One of three Abenaki women taken prisoner by the Rangers at St. Francis, she survived the infamous
Rogers Return to Fort No. 4. On the journey she is credited with saving a Rangers life - Dave Mackenzie - by healing
his badly infected leg wound with plants she found along the way.
Her great beauty caught the eye of many of the men at the fort, and eventually took up household with another
surviving Ranger - Alec Wilson. The two became inseperable. Alec came down with the pox in February of 1760
and died shortly later.
Without Alec, she sustained herself by making various leather goods and gardening. Dave MacKenzie, eternally grateful,
bought her supplies or did chores that needed to be done. He also protected her from the other settlers who often meant
to do her harm, and was known to fight any man who dared to say an unkind word about her.
She was shunned by most of the settlers around the fort, partly because she was Abenaki, partly because the women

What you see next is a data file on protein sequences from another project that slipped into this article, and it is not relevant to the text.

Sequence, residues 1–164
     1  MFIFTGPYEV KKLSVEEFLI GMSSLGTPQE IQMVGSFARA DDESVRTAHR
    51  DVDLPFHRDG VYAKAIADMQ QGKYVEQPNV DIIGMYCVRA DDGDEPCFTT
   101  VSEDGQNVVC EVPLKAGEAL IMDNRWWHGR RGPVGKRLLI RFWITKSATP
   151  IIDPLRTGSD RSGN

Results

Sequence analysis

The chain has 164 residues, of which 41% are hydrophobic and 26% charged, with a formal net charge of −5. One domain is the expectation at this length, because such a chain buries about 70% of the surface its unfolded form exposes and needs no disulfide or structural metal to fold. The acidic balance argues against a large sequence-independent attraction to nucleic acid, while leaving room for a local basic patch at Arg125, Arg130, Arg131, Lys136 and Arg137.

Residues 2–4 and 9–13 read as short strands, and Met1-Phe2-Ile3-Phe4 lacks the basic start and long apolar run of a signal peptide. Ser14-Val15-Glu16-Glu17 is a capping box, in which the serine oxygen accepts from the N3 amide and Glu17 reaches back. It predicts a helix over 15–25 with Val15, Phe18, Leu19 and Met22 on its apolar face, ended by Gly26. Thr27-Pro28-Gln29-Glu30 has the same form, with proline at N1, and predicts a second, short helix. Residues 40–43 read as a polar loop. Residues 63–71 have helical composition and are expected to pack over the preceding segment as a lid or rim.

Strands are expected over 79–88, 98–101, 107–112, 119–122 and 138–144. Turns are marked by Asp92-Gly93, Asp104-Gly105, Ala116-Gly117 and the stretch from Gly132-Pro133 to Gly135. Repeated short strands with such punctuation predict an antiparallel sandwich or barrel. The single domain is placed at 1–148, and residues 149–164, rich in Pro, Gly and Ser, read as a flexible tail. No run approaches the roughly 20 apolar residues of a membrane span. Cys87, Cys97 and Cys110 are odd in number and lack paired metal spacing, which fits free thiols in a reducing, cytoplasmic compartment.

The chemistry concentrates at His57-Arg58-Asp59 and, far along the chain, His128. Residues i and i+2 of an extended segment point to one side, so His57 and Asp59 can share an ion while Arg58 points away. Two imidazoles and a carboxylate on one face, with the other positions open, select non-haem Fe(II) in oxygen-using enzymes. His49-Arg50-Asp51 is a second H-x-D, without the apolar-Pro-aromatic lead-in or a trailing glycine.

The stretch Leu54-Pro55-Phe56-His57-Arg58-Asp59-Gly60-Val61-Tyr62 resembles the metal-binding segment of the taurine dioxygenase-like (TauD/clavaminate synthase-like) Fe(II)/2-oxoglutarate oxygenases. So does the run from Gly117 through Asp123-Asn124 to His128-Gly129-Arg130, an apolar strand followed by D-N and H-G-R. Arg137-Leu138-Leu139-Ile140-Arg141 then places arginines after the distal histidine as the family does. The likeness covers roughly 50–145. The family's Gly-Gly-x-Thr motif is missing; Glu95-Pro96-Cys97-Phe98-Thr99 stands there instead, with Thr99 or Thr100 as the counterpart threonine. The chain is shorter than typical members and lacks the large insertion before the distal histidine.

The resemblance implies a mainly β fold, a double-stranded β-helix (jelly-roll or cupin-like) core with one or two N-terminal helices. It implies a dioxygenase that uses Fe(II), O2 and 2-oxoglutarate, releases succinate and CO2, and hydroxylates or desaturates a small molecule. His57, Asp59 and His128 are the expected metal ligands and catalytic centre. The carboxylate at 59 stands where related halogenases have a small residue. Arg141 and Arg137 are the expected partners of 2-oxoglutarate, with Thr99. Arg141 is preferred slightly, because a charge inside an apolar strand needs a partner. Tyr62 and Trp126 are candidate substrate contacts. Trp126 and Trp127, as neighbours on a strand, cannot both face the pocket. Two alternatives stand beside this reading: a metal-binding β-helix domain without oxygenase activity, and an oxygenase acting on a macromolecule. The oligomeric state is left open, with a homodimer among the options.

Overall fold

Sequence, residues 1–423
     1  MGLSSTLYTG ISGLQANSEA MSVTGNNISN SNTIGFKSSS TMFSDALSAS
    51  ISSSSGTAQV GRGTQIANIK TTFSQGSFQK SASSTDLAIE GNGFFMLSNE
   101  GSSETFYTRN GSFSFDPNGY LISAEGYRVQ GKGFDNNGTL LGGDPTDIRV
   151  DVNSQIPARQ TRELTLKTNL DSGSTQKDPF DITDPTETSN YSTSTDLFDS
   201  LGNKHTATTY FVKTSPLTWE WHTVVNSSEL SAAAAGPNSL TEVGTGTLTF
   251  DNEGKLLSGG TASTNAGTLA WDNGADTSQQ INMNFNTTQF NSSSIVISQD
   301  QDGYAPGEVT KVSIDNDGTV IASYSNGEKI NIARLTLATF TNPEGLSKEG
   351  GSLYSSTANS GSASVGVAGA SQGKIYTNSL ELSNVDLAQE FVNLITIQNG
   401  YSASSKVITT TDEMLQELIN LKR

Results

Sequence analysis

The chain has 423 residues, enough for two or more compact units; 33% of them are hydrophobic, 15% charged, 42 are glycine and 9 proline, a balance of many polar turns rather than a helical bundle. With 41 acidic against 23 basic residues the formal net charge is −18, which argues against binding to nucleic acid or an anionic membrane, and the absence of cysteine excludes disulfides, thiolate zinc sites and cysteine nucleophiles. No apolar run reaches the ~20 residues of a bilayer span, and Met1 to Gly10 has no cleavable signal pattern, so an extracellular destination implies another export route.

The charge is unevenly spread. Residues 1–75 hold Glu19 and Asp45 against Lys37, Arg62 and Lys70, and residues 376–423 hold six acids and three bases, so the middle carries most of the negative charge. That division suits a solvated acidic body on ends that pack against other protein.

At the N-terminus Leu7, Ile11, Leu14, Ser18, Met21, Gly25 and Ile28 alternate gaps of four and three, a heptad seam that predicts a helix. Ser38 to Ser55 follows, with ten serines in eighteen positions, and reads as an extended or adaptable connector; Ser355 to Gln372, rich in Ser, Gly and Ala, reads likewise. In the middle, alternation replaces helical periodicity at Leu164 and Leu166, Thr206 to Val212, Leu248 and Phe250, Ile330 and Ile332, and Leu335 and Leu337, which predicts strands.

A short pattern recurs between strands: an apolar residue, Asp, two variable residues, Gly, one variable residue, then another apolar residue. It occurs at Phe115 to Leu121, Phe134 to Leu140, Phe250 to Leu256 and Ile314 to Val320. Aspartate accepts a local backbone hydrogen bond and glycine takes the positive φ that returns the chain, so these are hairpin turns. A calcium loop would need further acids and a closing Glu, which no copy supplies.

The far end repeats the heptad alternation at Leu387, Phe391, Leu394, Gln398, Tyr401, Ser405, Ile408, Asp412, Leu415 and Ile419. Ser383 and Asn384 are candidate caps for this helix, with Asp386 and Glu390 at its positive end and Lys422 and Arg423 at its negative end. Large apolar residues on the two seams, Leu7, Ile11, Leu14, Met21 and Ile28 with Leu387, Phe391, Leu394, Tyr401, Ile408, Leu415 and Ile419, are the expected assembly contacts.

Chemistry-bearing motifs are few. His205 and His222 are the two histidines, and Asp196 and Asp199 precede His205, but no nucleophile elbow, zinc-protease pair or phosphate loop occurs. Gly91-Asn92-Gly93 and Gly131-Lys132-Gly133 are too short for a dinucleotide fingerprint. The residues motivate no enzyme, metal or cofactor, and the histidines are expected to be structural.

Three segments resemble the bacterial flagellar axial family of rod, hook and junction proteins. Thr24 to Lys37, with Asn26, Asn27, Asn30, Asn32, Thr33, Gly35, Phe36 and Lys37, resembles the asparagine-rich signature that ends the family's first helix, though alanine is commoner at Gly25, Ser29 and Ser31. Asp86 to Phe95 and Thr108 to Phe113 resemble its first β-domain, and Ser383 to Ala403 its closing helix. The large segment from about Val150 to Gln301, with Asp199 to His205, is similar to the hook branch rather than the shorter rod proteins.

resented the constant stares by the men raptured by her beauty. The settlers around the fort being mostly Calvanistic
in doctrine, had little love for Native Americans, believing the Lord had not chosen them as heirs of heaven.
With a kind and loving spirit, she made dolls for two small children for Christmas. It was rumored the dolls were
returned to her cabin the next day with their heads chopped off and a note which read, "We don't take no presents from bloody savages".
Dave Mackenzie made the journey with her in March of 1761 northward to the Abenaki village. She was never heard from again,
but many years later it was believed that she married and had 2 children.